With the abundance of distressed and low-priced properties for sale, many people are considering becoming first-time landlords. But before you embark on such a venture, it’s important to fully understand landlord and tenant rights and responsibilities.
A landlord usually is responsible for keeping the unit in a livable condition, which includes making the necessary repairs along with ensuring that the property is in compliance with all state and local housing codes.
The landlord sets the rental amount for the property, and being a first-time landlord, it is best to research the area and charge a few dollars lower than the rest. The most qualified and desirable tenants usually shop around, so be sure that your units are priced competitively.
Never judge a book by its cover. It is essential to run credit and background checks on a potential tenant to assure a good credit rating and payment history. A good indication of a potentially unstable tenant is someone who wants to pay you cash on the spot or move in ASAP. It is customary for a tenant to provide 30 days notice before moving.
Before you allow a tenant to move in, conduct a walkthrough and take pictures of any issues with the property, making due note of any problems. These precautions guarantee that no issues will arrive once the tenant moves out since you and the tenant will both know if the current damage was pre-existing or caused by the tenant.
Always maintain the unit in good repair, since a happy tenant will reside in your unit longer and save you the headaches of having to continually find new tenants. Be sure to assess your own tolerance for pets and the damage they can cause, and consider adding a pet deposit if you decide to allow them.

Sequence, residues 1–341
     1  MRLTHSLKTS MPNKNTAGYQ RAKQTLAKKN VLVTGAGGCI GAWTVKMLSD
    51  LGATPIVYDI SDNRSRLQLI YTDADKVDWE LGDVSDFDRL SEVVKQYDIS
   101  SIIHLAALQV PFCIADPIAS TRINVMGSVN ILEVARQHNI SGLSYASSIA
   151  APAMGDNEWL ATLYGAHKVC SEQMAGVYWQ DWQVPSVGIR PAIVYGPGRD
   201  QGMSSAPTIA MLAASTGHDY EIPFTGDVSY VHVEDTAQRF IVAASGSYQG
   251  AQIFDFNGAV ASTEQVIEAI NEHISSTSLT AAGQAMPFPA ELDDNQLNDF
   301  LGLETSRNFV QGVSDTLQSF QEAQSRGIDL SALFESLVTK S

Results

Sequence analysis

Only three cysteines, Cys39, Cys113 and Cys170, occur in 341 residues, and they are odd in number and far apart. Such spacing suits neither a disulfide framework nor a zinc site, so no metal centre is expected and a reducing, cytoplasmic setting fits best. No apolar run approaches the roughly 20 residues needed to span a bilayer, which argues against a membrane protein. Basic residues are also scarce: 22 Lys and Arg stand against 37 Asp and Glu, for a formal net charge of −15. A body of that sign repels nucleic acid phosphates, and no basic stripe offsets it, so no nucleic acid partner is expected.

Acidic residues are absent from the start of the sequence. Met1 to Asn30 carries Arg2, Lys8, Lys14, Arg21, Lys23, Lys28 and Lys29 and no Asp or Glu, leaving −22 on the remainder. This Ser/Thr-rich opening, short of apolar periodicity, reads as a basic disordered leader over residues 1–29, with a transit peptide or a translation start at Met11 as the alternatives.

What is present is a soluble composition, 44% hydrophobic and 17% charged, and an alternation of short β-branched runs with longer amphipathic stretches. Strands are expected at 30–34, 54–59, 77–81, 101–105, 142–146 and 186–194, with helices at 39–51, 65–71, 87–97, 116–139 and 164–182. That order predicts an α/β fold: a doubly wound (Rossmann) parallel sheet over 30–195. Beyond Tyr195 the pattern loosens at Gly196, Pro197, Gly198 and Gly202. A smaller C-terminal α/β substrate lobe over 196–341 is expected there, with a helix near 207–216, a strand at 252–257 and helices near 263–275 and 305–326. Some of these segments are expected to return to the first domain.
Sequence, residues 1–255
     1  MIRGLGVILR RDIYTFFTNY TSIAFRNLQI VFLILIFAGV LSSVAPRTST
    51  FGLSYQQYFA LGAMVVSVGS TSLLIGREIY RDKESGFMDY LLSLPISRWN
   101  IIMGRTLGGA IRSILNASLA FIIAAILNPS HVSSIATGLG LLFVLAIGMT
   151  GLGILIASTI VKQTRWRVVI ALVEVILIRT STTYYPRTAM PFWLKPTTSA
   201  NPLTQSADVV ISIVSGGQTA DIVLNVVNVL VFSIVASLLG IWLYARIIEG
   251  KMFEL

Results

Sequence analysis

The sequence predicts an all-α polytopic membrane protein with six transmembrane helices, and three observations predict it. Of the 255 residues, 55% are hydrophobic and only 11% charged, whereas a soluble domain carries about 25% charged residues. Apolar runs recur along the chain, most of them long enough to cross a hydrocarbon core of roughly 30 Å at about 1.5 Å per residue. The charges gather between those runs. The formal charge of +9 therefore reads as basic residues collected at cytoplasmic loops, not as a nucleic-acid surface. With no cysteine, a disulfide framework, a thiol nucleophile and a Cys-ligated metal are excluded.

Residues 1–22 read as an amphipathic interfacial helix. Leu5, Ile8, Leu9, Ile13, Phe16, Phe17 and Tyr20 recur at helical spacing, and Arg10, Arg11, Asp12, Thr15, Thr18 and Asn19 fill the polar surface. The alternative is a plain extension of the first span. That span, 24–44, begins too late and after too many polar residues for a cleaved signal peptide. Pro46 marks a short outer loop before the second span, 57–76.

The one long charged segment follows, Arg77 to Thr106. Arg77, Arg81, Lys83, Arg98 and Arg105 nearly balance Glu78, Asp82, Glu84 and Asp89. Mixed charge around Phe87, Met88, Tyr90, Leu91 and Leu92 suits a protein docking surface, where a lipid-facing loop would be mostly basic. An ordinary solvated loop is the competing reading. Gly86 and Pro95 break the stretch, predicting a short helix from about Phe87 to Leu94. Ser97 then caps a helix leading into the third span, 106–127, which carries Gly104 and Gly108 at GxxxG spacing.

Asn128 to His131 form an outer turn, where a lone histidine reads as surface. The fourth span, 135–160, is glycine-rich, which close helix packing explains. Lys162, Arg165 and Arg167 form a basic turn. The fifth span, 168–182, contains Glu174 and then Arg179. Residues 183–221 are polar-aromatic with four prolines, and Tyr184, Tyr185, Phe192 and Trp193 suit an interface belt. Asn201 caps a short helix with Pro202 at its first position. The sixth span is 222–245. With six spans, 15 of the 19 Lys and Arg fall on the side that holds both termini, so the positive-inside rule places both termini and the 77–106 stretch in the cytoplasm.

Prospective tenants will most likely be looking at several locations in your area, and will expect a prompt return call to schedule a showing appointment. If you procrastinate, you may lose a prospective tenant before you have a chance to show the property.
Tenants’ rights and responsibilities include timely rent payments, maintaining the cleanliness of the unit while inhabited, taking responsibility for any damage beyond normal wear and tear, and not altering the premises in any way without WRITTEN permission from the landlord.
Multiple laws exist governing tenancy, including fair housing laws. According to state law, a landlord may not discriminate due to race, color, religion, national origin, ancestry, sex and marital status, or disability. Landlords should also check with the city where their property is located to see if there are additional protection clauses.
Almost every landlord eventually rents to a problem tenant, and when you do, you have to be very careful how you proceed. Under no circumstances, for example, can a landlord shut off utilities in response to nonpayment of rent.
Eviction of a tenant is also governed by due process. A sheriff may physically evict the tenant from the property based on court approval, but only if the landlord takes the necessary steps. You may want to refer to the Illinois Retaliatory Eviction Act for more information on this issue.
For more, call 773-407-8800, e-mail firstname.lastname@example.org or visit http://www.zerillo.info.